What Is the Cheapest Day to Book a Flight?

Are airfares less expensive on certain days of the week? And if so, which days? Here’s what you need to know.

Is there a best day of the week to book a flight in order to get the lowest price? And if so, what is that day? Of all the travel questions I’m asked, those are the two that most frequently come up. And in these days of rapid price movements, nobody seems to have a definitive answer. But that hasn’t stopped many experts from having an informed opinion. Here’s the current thinking on the best day of the week to book a flight.

Tuesday

Popular metasearch agency Fare Compare is pretty sure that the best day of the week to book airfare is Tuesday (and to be even more specific, Tuesday around 3:00 p.m. ET). The company’s CEO, Rick Seaney, explains that airlines often start short-term airfare sales on Tuesdays, and, once one airline announces deals, competitors hop in within a matter of hours. He also notes that the buying window for these promotions is often quite short, sometimes closing before the upcoming weekend. A report from Expedia comes to the same conclusion, as does another from USA Today.

Related: The 2 Cheapest Days of the Week to Fly

Wednesday and Thursday, Too

Lifehacker says 1:00 a.m. ET on Wednesday is the best time to book airfare, but that’s probably a minor variation on the Tuesday theme. A Wall Street Journal report expands the period to Tuesday through Thursday. Both seem to reflect the same view that fare announcements come mostly on Tuesday and that many deals dry up by the weekend.

This is generally accurate, as far as it goes: Many short-lived sales are announced on Tuesdays and expire at the end of the day Thursday. But does that mean that other days offer less value when booking airfare? Not so fast!

Weekends

Texas A&M University released a report last year that contradict what the author calls the “folk wisdom” about Tuesdays. The researchers found that tickets bought on Saturdays and Sundays were about 5% cheaper, on average, than those bought on other days. But average prices may not be the right metric: What most consumers want to know is the lowest price, and average data may not correlate well with the lowest figures.

Related: When Should I Buy My Flight?

The ‘No Best Days’ Take

George Hobica, President of our sister website Airfarewatchdog, argues that there really isn’t a best day. Fares move too fast to fall into a set pattern. Instead, his primary recommendations are: (1) to keep searching, (2) to sign up for as many airfare bulletins and alerts as possible, and (3) to pounce when you find what looks like a good deal.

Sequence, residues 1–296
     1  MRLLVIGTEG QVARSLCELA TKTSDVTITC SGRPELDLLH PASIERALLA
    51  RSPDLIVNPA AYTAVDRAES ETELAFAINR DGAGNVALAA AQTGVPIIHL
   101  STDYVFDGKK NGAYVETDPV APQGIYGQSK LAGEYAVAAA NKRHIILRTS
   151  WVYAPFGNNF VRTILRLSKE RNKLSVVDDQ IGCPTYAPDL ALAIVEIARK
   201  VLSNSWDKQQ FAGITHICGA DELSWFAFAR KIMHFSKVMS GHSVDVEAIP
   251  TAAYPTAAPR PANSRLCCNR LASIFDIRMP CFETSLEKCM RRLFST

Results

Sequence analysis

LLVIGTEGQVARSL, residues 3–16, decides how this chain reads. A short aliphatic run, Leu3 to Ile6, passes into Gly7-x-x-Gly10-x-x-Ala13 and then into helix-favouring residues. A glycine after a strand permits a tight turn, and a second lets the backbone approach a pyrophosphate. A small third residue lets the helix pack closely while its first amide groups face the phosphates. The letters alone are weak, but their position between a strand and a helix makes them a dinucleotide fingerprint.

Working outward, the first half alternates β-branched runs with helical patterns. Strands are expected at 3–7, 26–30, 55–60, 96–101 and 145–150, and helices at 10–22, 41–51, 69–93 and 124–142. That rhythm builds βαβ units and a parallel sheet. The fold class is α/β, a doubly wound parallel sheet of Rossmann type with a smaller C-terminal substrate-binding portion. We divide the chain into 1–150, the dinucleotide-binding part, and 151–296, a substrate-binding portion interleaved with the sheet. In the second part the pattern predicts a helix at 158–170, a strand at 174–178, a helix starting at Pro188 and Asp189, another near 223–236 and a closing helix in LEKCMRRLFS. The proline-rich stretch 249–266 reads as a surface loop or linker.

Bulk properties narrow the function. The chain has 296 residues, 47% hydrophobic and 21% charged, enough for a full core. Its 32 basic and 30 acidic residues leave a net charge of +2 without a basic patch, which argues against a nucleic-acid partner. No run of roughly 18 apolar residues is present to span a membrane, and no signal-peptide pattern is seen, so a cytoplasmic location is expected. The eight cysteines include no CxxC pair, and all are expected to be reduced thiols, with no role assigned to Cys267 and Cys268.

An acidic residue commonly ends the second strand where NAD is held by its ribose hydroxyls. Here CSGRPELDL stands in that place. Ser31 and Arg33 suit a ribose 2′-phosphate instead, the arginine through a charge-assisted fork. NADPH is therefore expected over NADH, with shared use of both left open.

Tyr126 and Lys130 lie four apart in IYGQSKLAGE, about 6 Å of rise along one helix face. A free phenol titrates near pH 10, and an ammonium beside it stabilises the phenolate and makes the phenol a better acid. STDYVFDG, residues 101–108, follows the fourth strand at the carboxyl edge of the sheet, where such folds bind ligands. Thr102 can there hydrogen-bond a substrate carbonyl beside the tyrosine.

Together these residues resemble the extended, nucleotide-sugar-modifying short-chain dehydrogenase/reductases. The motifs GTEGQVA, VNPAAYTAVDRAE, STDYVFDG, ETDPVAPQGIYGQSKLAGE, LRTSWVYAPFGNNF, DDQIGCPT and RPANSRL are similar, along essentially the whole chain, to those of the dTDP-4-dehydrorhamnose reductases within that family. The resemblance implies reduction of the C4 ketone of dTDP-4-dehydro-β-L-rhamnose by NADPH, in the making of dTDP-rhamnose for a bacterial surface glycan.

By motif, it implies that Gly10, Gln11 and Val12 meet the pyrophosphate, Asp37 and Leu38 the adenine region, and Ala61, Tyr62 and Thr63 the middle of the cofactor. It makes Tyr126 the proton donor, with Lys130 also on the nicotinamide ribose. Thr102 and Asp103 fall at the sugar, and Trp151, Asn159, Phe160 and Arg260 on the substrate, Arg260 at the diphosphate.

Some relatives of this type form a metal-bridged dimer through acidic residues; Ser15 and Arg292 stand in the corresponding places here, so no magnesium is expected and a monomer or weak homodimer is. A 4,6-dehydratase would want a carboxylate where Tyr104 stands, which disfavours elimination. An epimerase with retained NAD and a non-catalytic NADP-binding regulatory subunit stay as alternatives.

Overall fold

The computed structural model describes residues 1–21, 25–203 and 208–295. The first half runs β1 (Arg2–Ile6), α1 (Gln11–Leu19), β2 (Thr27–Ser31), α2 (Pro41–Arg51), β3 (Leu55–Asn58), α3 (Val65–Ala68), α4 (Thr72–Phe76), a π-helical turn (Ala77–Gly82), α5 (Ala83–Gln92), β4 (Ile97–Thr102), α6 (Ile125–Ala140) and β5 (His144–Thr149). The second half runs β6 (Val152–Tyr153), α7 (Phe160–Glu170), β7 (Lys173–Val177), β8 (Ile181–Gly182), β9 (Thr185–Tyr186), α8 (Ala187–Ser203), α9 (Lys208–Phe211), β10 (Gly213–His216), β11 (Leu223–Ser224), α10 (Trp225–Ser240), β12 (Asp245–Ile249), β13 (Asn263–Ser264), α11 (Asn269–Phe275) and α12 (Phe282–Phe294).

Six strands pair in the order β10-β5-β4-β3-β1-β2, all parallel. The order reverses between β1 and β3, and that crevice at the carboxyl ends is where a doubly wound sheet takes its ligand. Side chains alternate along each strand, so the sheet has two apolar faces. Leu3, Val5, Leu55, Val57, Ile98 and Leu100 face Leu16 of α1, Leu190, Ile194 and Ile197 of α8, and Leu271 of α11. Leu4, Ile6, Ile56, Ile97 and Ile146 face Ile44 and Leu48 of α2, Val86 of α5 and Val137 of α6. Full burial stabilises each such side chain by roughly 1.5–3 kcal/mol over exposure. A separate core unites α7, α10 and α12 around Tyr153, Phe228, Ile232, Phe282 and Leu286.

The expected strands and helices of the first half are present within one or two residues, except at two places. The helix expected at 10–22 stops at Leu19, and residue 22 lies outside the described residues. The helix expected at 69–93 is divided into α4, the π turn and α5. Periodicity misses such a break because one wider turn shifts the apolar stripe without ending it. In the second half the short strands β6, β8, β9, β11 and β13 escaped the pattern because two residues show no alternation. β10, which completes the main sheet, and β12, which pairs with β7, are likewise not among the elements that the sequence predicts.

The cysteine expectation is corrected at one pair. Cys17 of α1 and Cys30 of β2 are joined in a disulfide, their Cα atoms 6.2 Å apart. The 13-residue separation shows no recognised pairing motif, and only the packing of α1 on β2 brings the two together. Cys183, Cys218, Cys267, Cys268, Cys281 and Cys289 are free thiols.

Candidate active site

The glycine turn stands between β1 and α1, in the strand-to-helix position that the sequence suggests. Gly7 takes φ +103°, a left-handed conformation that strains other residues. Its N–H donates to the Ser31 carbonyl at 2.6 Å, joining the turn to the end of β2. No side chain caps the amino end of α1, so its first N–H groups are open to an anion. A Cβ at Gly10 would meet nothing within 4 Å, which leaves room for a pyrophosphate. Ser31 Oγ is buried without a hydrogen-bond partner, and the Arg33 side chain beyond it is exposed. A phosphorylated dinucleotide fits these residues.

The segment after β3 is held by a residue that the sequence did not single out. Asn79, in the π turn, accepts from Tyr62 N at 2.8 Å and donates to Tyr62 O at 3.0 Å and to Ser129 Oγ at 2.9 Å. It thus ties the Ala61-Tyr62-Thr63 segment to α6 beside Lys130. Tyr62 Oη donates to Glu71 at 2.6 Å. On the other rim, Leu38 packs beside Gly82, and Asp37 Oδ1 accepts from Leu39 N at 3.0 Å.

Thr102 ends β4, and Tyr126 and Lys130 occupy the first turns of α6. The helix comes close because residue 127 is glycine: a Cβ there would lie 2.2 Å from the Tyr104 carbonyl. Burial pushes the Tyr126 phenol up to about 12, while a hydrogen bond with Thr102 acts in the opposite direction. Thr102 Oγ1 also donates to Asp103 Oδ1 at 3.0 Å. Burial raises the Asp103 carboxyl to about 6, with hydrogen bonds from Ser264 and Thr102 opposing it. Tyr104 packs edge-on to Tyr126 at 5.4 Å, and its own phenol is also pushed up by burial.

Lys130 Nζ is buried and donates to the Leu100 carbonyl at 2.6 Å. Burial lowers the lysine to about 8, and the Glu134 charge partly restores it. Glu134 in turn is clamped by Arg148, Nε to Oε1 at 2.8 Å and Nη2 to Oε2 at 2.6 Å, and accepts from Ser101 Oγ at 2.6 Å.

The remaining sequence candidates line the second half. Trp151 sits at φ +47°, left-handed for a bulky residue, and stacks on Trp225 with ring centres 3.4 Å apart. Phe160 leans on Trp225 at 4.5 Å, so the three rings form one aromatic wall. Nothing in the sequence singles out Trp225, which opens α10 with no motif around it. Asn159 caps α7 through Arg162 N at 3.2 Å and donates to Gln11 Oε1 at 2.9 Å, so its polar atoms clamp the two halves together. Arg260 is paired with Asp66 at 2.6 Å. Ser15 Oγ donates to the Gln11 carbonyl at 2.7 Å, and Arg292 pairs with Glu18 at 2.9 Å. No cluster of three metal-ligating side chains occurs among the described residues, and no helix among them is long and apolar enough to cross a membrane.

As long as you’re looking out less than a week in advance, U.S. rules require that an airline give you a 24-hour period to lock in a good deal while continuing to search for a better one. Sounds like a really good strategy. I add only that once you find what looks to you like a good deal, don’t obsess over the possibility that someone else might find a better one. Chances are the difference, if any, will be small, and not big enough to cause buyers’ remorse.

Instead, just enjoy the trip.

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By Ed Perkins

A nationally recognized reporter, writer, and consumer advocate, Ed Perkins focuses on how travelers can find the best deals and avoid scams.

He is the author of "Online Travel" (2000) and "Business Travel: When It's Your Money" (2004), the first step-by-step guide specifically written for small business and self-employed professional travelers. He was also the co-author of the annual "Best Travel Deals" series from Consumers Union.

Perkins' advice for business travelers is featured on MyBusinessTravel.com, a website devoted to helping small business and self-employed professional travelers find the best value for their travel dollars.

Perkins was founding editor of Consumer Reports Travel Letter, one of the country's most influential travel publications, from which he retired in 1998. He has also written for Business Traveller magazine (London).

Perkins' travel expertise has led to frequent television appearances, including ABC's "Good Morning America" and "This Week with David Brinkley," "The CBS Evening News with Dan Rather," CNN, and numerous local TV and radio stations.

Before editing Consumer Reports Travel Letter, Perkins spent 25 years in travel research and consulting with assignments ranging from national tourism development strategies to the design of computer-based tourism models.

Born in Evanston, Illinois, Perkins lives in Ashland, Oregon with his wife.

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